A rather interesting decision has come out of the Bankruptcy Court for the Northern District of Texas at Dallas. The decision is only 4 pages, but in addition to quoting Janis Joplin, it speaks to something that debtors need to hear, that people thinking about bankruptcy need to hear, and that attorneys practicing in bankruptcy court sometimes need to be reminded of.
While the decision follows this blog, I’ve filled in the lines a bit by looking at the public records and bringing in some additional facts.
The joint chapter 13 case was filed on April 6, 2009. The debtor’s plan was confirmed in September 2009 and provided that the debtors’ claim to DaimlerChrysler Financial Services Americas LLC, which held a secured claim on the debtors’ 2005 Mercedes E32DW was to be paid directly to the creditor, outside the plan. The plan itself called for 60 monthly payments of $870 for the first 6 months, and then $1,000 for the remaining 44 months). The plan provided for payment of about $19,000 in mortgage arrears on the debtor’s residence, priority claims of about $21,000 to the IRS, and unsecured creditors were not guaranteed a divided (and based on the claims, likely would get nothing).
Like many chapter 13 debtors, this couple hit some bumps in the road, and in July of this year, DCFS LLC filed a Motion for Relief from Stay. The debtors’ attorney and the creditor’s attorney hammered out an agreement which would allow the debtors to make 6 monthly payments of $892, and then resuming their normal contractual payments of $535 after that. This is actually pretty common: debtors attorneys and creditor’s attorneys will – when circumstances warrant and are favorable – an agreement that will allow the debtor to bring their account current (There is no bright line rule. It’s on a case-by-case basis). The Bankruptcy Court also made the following observations from the record:
One of the debtors is disabled and the sole source of that debtors income is $687 per month in government assistance;
The other debtor got a new job with a new income of about $5,200 per month;
There are two people in the debtors’ household, but there are four cars on the schedules: (a) the 2005 Mercedes; (b) a 2004 Infiniti G35 (although being used and paid for by a non-dependant son); (c) a 1994 Ford F-150 (and I’m not sure how well it runs – there’s nothing in the record about that, although value was estimated at just a shade over $2,000); and (d) a 1982 Chevy Corvette (valued at $3,500).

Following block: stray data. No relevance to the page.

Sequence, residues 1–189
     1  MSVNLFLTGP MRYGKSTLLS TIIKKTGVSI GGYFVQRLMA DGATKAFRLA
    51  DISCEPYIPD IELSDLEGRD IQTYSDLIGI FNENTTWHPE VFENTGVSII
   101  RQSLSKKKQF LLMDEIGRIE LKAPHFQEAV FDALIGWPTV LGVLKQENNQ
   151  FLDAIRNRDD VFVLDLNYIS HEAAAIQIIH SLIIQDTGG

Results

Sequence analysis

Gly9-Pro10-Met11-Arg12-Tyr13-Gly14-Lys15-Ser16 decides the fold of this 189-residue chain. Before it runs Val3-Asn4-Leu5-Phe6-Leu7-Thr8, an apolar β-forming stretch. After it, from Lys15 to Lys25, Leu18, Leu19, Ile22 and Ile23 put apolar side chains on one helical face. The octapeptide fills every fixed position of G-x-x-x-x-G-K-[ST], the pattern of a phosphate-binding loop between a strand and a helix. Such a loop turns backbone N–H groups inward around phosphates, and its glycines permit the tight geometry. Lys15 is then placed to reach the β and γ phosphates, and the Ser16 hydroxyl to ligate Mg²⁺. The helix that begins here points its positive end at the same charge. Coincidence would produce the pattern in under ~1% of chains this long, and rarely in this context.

The Court also noted the amount of the claims: about $29,000 was scheduled as being owed to the IRS and there was $108,504 owing in unsecured claims. Plus, the debtor’s home – valued at $225,000 had zero equity and they were paying about $2,600 per month in a house payment (which included both the first and second mortgage).
Here’s Where It Gets Interesting…
Rather than describe the Court’s order, I’ll quote it:
The Agreed Order recites….that the Order “is in the best interest of the Debtors, the estate and all interested parties.” Really? The Court is expected to make this finding?
…[T]he court does not mean to make light of this case or the parties. Bankruptcy is serious business. It is no laughing matter at all. One of the serious aspects of bankruptcy is that sometimes the judge-in some respects-must be the lifestyle police. While this court usually defers to agreements of debtors and car lenders with regard to automobiles that the Debtor may reasonably need to rehabilitate, the proposed Agreed Order with regard to a luxury vehicle defies logic, common sense, and the court will not sign it without a prove up as to why it could possibly be in the best interests of the Debtors or is otherwise going to be consistent with good faith attempts to rehabilitee in this case. Presumably, it is not in anyone’s best interest for these Debtors to fail in their efforts to rehabilitate. Yet, this Agreed Order would appear, based on the record, to be a recipe for failure. And this is without even taking into account the public’s confidence in the integrity and fairness of the bankruptcy system that is shaken when their neighbors keep luxury vehicles while, at the same time, seeking a discharge of thousands of dollars [of] debt.
Why Did This Happen?
The Court did not have any facts – admissible facts – that could support the Court’s finding that the agreement to keep and pay the luxury vehicle is in the best interests of the Debtors, the debtors’ estate and all interested parties. And let’s step back for a minute and look at the facts: is this really the wrong result here? But it’s not the end of the road.
The Bankruptcy Court has set a preliminary hearing for September 27, 2010 in Dallas, and by order, has directed the parties to serve supporting affidavits, and responding attorneys must service their affidavits within 48 hours of the hearing.
This might be the end of the road for the Mercedes, but either way, attorneys need to remember that court’s aren’t in the business of rubber stamping agreements, and debtors in bankruptcy – and those contemplating bankruptcy – would be wise to think about this judge’s observations and statements before thinking about what they think they are entitled to as they head into the bankruptcy process.
- Poster Children for Bankruptcy Reform
- Did Congress Pop the Balloon?
- Equal and Monthly Payments: The Voyage of the Balloon
- Storm Preparation: Chapter 13 and DSOs
- Cutting Corners in Chapter 13